“We wanted to create an intricate, detailed form—something that would be impossible to do without a 3-D printer,” Huang said. To produce the design, Formlabs used transparent resin to reveal the design’s inner complexities. As part of his design process, Huang devised numerous iterations. “Parametric modeling makes everything smoother,” continued Huang.

The original design intent explored three-dimensional line drawings using modeling software such as Rhino and Grasshopper. However, after a number of tests, Huang ruled out this technique because of the laborious quantities of support material that were required to print. Instead, he employed a process that explored the variable scaling and extrusion of 2-D text to create a cloud of 3-D forms.

“It was important due to the time constraints that we revise the design of the trophy to match the constraints of the printing process of the machine. The change in direction allowed us to drastically reduce the amount of waste material printed (in the form of support structure) as well as the printing and post-production time,” Huang said.

The technique capitalized on the vertical movement of the material through the 3-D printer, enabling the detailed, intricate geometries of the individual letters to collectively form the trophy. The variable parameters that drove the model were the height of the extrusions, the scaling of the letters, and the density of the underlying matrix.

Huang was also pleased to work with Formlabs, which will be producing the physical award. The studio’s high-resolution 3-D printers made Huang’s design, in his words, “easy to achieve” and “smoothed out the processing of the designs.”

Zach Frew of Formlabs said, “We wanted to push the limits of 3-D printing with Synthesis’s design. This means that we started with the highest level of complexity and iterated downward—evaluating any changes needed in the design after each print. 3-D printing allowed us to rapidly develop prototypes and progress towards the final design.”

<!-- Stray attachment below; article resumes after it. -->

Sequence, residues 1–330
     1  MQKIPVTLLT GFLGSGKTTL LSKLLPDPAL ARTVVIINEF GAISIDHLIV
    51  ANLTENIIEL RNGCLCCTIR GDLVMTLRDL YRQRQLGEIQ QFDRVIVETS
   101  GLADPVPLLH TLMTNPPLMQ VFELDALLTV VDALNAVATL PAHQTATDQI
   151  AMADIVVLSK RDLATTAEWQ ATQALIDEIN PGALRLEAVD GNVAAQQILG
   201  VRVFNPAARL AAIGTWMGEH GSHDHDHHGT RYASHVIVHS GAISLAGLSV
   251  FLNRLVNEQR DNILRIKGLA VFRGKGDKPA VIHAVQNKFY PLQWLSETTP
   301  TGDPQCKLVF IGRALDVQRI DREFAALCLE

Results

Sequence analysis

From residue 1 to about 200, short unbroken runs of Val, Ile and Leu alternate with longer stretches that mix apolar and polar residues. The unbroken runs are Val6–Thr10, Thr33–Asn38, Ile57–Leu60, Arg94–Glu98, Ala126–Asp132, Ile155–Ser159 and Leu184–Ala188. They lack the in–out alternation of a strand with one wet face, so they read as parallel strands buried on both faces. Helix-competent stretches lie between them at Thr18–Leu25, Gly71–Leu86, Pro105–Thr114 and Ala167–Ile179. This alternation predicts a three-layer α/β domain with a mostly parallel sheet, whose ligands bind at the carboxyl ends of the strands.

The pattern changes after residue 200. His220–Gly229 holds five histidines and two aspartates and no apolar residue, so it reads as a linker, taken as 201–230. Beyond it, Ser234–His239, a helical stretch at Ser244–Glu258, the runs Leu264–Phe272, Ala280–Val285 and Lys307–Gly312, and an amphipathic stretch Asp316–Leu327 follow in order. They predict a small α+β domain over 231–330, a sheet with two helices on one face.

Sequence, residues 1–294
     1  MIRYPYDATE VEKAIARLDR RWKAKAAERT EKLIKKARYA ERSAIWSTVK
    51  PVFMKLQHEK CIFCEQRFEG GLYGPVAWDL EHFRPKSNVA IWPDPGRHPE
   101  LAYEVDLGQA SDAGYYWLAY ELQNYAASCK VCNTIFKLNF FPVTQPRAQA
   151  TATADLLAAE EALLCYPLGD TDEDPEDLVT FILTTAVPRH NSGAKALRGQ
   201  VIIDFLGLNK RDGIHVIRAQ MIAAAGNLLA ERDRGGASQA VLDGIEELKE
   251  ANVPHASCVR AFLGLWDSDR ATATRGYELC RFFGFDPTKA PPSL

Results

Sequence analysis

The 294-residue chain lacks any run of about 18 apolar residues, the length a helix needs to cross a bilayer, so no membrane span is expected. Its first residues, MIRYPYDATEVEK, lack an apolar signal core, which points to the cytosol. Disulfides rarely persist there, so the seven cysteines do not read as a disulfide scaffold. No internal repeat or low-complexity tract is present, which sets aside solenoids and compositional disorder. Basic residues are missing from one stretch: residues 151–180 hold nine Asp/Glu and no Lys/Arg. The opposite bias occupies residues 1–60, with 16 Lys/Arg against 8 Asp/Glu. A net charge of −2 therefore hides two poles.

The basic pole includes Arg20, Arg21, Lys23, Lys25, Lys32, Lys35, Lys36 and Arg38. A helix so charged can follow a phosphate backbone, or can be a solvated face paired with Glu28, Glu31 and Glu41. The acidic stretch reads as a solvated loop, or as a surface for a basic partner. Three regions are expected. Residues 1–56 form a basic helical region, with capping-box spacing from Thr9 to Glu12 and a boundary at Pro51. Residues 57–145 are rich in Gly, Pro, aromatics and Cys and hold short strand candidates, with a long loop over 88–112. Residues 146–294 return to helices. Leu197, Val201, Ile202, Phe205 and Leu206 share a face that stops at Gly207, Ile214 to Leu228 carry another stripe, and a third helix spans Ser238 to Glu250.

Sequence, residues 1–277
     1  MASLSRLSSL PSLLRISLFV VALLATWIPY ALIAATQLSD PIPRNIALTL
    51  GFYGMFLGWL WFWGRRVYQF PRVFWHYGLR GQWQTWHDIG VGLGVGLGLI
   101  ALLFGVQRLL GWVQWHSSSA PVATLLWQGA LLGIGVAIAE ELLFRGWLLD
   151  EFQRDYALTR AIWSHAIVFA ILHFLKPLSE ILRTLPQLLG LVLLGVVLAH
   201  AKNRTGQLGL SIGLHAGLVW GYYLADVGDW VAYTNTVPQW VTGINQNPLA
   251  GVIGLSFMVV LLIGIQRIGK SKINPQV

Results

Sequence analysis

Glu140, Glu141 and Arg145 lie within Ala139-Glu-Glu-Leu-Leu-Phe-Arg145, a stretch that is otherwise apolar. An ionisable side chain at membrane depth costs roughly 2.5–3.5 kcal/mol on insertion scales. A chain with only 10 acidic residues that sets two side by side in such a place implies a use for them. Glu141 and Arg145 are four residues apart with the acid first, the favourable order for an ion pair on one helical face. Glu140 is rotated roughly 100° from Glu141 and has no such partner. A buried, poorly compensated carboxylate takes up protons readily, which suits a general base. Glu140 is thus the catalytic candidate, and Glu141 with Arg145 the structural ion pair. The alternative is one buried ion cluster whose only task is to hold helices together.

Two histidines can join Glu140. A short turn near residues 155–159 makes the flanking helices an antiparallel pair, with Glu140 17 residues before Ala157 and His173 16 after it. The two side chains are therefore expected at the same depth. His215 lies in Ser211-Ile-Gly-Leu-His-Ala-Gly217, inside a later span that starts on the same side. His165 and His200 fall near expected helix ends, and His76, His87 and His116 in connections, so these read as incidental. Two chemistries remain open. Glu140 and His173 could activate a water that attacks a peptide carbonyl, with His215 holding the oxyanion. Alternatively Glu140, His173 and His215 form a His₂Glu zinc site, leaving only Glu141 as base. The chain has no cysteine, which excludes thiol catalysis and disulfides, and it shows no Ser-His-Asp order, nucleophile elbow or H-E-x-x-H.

Frew continued, explaining that Formlabs’ high-resolution printers allowed Huang creative freedom. “Traditional manufacturing techniques are restricted in the level of complexity and detail they can achieve. Older subtractive technologies like CNC tooling are unable to resolve intricate details or create complex internal structures.”

“Because 3-D printing is an additive technology that produces one layer at a time with precision, more complex geometries can be created,” he said. “Synthesis’s design takes advantage of this. The Form 2 [printer] offers a very high level of detail and precision that makes relational designs easier and more reliable to produce. The machine typically produces parts with less than 200 microns of deviation from the original model. This means that designers can be confident that their models will function and relate as designed. SLA printed parts are also much easier to sand and post-process so modifications can quickly be made.”

Despite its prowess in the niche field, Formlabs prints more than just trophies. “3-D printing excels at creating rapid prototypes and visualizations,” added Frew. “Architects are able to produce scale models of their designs and ensure that each of the parts interact as desired. Printing tangible models that previously only existed within design software is an invaluable tool for helping architects to evaluate and iterate on their designs.”